Where this gets tricky is that some people lose weight while on such a diet, thus increasing their speed because of weight loss – not necessarily the diet itself. As a Registered Dietitian, I still recommend an overall balanced diet that includes carbohydrates, but I do think it’s helpful to know there are other approaches.
18. Troubleshoot GI upset.
Ever have your tummy start rumbling during a run? Uh oh! Here are some of the common causes of gastrointestinal upset during a run:
- Eating too much food too close to a workout (light meals or snacks are best within an hour of your run)
- High fiber / high fat meals too close to a run (save the high fiber cereal and beans for later on in the day after your run!)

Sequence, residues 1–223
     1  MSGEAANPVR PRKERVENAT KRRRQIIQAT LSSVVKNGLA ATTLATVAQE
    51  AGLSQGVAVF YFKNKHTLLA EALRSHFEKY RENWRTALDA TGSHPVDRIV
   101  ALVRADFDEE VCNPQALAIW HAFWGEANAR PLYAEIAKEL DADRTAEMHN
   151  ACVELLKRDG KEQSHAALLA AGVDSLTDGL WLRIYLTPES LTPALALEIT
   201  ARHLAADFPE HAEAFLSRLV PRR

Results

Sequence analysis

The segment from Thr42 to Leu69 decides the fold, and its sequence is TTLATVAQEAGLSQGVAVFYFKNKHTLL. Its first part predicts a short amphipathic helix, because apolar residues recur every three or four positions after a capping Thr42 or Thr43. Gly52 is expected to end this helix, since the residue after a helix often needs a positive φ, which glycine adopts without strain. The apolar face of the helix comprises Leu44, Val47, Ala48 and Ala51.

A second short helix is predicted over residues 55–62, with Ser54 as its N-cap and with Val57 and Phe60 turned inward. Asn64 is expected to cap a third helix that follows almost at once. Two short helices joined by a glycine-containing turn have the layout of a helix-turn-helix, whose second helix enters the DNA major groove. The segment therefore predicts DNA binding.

- On the flip side, drinking too much water while running.
- Mental anxiety around GI upset – if it happened once before, it’s easy to psych yourself out that it might again.
If you’ve had GI upset during a run, try small light meals prior to a run, and try strategies to calm your nerves about it (deep breaths, repeating a mantra, etc).
19. Avoid cotton running clothes.
This long distance running tip is key to your personal comfort. Cotton clothing soaks up with sweat and doesn’t wick well, making your skin more likely to chafe. On short runs you can sometimes get away with it because it’s less time that the clothing is rubbing against your skin, but on long runs, skip it. Instead, aim for sweat-wicking synthetic fabrics (like nylon or polyester).
20. Invest in good sneakers.
You’re going to be doing a lot of training in them, so this is the one area where it’s really worth it to spend money for sneakers that fit well. I highly recommend visiting a running store where experienced employees can assess your foot strike and make suggestions for the types of shoes that would work best.
Some people (myself included) overpronate their feet while running, which requires a more supportive sneaker (sometimes called stability sneakers).